Financial records show that the expenditure by Blaauwkrantz Share Equity has outstripped the income generated through the sale of game in every year of the joint venture’s existence. As a result, beneficiaries have never received any dividends.
One of Rudman’s decisions caused particular resentment among the workers. In October 2016, Rudman reduced the height of the fence between Blaauwkrantz and Prentice Kraal, allowing game to migrate between the trophy hunting farm and the farm he owned in partnership with the workers. “I have 51%. I can do that,” Rudman told New Frame.
Rudman maintains that lowering the fence was a reasonable measure to expose game on both sides to more diverse grazing during particularly dry seasons. Despite acknowledging that there is no way of knowing how many animals remain at Prentice Kraal, Rudman claims that more animals were hunted on the farm in the years after the fence was lowered.
But the workers are incensed at a move they argue was a clear attempt to siphon game and profits from Prentice Kraal into Blaauwkrantz.
On Rudman’s side of the fence, business is good. Clients spend up to R110 000 for a week’s stay at Blaauwkrantz, hunting a variety of animals ranging from buffaloes to monkeys and endangered species such as roan and sable antelope.
The relationship between the beneficiaries and Rudman slid into a final disrepair in the wake of a picket held at Blaauwkrantz’s gates on the morning of 17 June last year.
Despite having received notice of the picket from the SAPS in terms of the Regulation of Gatherings Act (1993), Rudman has called the picket “illegal”.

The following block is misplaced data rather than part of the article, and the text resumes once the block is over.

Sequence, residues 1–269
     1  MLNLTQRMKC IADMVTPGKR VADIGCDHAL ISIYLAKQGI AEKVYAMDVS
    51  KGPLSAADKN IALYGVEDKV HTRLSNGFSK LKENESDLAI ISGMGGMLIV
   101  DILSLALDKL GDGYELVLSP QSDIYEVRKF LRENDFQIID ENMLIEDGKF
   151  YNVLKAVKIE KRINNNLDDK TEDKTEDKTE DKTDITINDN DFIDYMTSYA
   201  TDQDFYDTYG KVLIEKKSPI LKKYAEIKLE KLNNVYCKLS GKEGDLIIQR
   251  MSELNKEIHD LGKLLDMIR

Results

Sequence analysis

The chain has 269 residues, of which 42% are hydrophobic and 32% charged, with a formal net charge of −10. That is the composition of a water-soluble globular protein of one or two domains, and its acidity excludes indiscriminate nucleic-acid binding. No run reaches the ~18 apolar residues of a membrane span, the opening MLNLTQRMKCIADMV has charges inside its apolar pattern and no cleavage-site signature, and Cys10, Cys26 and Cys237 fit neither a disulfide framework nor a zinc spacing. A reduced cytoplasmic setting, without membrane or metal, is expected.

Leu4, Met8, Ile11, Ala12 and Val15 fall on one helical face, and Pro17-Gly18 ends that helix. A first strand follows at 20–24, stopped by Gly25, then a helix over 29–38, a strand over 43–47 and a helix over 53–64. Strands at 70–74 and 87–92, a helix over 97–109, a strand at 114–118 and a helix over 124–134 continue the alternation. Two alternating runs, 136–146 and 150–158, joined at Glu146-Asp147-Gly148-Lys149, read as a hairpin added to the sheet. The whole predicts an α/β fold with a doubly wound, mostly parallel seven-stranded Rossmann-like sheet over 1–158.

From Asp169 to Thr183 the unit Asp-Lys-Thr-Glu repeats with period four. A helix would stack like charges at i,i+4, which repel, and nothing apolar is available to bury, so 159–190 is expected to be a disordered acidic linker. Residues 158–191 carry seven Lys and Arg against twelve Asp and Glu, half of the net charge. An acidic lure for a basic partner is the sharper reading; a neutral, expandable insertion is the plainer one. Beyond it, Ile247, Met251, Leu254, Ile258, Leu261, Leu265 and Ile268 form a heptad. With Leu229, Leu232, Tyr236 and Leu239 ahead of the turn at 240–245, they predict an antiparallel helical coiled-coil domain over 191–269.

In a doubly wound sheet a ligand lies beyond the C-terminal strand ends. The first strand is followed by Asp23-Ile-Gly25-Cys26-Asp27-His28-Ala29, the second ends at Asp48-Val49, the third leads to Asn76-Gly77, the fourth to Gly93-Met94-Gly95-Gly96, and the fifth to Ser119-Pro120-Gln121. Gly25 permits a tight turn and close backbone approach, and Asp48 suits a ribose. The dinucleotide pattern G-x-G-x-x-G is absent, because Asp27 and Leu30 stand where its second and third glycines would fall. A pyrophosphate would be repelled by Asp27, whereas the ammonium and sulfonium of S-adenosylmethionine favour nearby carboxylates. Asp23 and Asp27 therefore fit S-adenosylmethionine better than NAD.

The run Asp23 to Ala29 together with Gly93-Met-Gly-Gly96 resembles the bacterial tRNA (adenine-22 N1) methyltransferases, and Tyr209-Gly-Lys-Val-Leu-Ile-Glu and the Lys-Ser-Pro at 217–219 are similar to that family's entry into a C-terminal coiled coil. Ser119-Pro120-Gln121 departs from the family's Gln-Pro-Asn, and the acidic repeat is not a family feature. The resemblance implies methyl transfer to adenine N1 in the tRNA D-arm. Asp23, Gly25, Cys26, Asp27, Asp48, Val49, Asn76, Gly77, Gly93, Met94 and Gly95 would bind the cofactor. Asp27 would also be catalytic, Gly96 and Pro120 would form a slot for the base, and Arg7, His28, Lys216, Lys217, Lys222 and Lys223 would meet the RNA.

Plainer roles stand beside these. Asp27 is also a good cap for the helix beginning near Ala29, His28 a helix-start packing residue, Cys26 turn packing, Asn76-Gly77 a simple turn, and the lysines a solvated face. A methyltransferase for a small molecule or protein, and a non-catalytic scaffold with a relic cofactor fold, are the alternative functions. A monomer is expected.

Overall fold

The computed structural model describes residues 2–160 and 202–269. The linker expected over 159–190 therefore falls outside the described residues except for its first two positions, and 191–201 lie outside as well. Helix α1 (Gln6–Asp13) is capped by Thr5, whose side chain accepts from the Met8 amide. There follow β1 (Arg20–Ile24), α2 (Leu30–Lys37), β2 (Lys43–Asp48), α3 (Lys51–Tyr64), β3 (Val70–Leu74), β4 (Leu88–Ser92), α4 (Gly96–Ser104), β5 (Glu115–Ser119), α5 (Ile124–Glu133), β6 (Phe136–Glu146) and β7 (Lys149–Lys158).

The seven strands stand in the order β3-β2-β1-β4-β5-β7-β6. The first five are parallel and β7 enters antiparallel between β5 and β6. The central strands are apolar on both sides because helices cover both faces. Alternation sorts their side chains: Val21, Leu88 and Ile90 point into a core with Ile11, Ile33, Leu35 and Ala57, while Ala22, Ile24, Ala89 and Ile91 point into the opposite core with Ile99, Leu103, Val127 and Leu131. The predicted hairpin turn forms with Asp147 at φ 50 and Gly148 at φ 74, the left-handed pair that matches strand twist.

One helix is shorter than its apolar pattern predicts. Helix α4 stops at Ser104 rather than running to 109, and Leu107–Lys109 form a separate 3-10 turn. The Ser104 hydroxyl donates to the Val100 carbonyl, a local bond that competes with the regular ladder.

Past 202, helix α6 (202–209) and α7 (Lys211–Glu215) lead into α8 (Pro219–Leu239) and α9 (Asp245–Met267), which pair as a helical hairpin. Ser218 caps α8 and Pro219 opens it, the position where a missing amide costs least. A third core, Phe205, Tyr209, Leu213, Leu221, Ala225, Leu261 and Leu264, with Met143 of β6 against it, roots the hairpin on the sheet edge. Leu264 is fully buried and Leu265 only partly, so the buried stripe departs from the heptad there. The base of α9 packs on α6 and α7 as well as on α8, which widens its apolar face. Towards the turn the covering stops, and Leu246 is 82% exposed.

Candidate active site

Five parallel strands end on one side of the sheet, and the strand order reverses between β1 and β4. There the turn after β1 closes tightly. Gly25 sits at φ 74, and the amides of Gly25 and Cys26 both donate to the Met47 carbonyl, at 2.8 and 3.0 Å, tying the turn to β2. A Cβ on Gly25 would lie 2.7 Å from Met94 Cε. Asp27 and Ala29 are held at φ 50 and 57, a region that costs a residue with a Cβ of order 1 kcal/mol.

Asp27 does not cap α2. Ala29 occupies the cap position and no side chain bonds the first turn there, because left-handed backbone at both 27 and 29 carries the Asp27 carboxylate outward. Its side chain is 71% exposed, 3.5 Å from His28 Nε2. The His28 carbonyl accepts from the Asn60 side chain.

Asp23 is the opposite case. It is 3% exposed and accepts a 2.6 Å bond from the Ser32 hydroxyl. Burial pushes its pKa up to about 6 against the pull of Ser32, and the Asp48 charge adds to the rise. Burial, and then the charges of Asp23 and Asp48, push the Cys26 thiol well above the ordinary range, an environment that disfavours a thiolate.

The workers also sent a letter to more than 150 of Blaauwkrantz’ international clients, alleging, among other things, that Rudman had stolen both land and dividends from them.
Rudman says the fallout with Blaauwkrantz’s international clients was drastic. Some informed him that they would not return to the farm until he “clears his story up”. Part of his smoothing things over with clients in the US included purchasing a double booth at the Dallas Safari Club convention (Rudman is a lifetime member of the club) for $10 000 (about R141 375).
Another included acquiescing to some clients’ demands that any workers involved in the picket be kept away from the Blaauwkrantz lodge and any hunting activities during their visit.
Jackson was one victim of this demand. After raising the Rudman children, she served hunters at the Blaauwkrantz lodge for years. But in the wake of the pressure from international clients, she was turned away into the bush, where her work now entails picking small cacti covered in razor-sharp needles called suurtjies.
The future of Prentice Kraal and the Blaauwkrantz Share Equity joint venture now depends on settlement negotiations.